“My wife is a nuclear medicine tech,” she continued. “She loves her job, loves going in every day, and wouldn’t give it up for the world. I said, ‘I want that, too.’”
What drove him to radiology was the science, he said, adding that he earned an associate’s degree in radiation therapy from Springfield Technical Community College and went on to work in that field at several Connecticut hospitals, including Waterbury Hospital, St. Mary’s Hospital (also in Waterbury), and Hart-ford Hospital. He later went on to manage the oncology facilities at Midstate, a subsidiary of Hartford Hospital.
He wasn’t looking for a job when the Mercy opportunity came on the radar screen, but he was intrigued by the chance to expand the program, and also to work with the Mercy staff.
“What drove me to Midstate was the chance to rebuild that program, and that’s what’s driving me here as well,” he said. I love creating a great atmosphere, and I look forward to building a new cancer center.”
He’ll do with so with the latest technology on the market, including the Elekta Synergy system, an image-guided technology that is equipped with the flat-panel detector technology and is the currently the best equipment on the market, said Claudio. The two new linear accelerators, which will cost about $1.5 million each, will employ IMRT, which will enable specialists to more precisely “sculpt” the area to be treated, he explained.
“It’s the new standard of care that everyone should now expect,” he said, adding that the system uses computer software to specifically target the dosage delivered to organs and other areas to be treated.
“The doctor essentially tells the computer that he wants this tumor to receive this much, and that he wants this organ or this tissue to receive only this much,” he said. “The computer will then generate a plan that meets that criteria. Right now, all that’s done by the symetrist and by the physicist, who use their skills to generate a plan.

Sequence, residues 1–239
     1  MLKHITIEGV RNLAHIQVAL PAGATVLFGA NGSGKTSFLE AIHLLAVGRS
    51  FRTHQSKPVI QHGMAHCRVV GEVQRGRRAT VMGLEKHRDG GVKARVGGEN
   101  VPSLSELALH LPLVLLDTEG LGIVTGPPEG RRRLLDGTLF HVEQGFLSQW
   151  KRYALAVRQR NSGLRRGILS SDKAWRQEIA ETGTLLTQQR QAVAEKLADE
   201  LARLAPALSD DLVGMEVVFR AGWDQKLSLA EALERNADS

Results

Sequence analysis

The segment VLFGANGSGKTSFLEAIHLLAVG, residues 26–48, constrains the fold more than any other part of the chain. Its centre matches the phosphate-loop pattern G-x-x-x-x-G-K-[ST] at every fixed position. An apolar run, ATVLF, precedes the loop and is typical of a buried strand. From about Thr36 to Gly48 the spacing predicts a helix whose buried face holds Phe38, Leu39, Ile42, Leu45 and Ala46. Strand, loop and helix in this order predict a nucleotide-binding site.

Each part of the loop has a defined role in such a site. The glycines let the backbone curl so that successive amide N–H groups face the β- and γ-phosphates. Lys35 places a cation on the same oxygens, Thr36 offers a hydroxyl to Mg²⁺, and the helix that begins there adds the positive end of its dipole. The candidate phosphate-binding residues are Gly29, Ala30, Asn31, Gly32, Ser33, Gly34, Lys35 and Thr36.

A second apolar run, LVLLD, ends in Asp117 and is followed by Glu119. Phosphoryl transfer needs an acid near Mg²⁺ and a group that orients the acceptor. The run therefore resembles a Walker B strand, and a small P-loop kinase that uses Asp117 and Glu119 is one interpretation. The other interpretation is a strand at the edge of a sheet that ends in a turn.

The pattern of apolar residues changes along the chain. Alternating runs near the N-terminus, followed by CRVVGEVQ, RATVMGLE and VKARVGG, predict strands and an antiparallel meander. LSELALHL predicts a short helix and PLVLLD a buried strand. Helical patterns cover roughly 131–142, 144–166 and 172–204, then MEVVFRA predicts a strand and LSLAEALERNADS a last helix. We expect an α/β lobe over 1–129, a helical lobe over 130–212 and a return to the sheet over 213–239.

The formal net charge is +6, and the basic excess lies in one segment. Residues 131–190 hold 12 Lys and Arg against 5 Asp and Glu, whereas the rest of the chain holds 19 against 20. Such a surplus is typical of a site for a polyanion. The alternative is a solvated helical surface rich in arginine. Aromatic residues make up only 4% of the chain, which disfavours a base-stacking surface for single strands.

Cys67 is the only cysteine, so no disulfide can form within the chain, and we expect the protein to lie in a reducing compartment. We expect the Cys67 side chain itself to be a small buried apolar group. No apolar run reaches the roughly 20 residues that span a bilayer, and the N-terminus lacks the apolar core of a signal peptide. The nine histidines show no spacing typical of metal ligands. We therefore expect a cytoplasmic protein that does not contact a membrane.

“The goal is to kill the cancer and cure the patient,” he continued, “and this technology helps us do that more effectively.”
Beyond the technology, Claudio said the new cancer center will feature highly personalized care that has become a hallmark at Mercy. And it is that aspect of cancer treatment will enable the medical center to effectively compete with Baystate and other providers.
“What it really comes down to is people,” he said. “Any cancer program starts with the staff; what makes the difference between one center and another is that the people here are willing to go the distance and work for the whole patient and his or her family.”
While the new cancer center will provide business opportunities for Mercy Medical Center, said Claudio, the main beneficiaries from the new endeavor will be area residents. They will soon have options that have not been available to them before, he explained, adding that individuals will no longer have to travel to Boston to take advantage of the vast potential of IMRT.
“This is an investment in the community … we’ll have every weapon in the arsenal right here,” he said. “People will have choices, and that’s important.”
The building process for Claudio and Mercy starts with an August groundbreaking, with the new center expected to be open next June.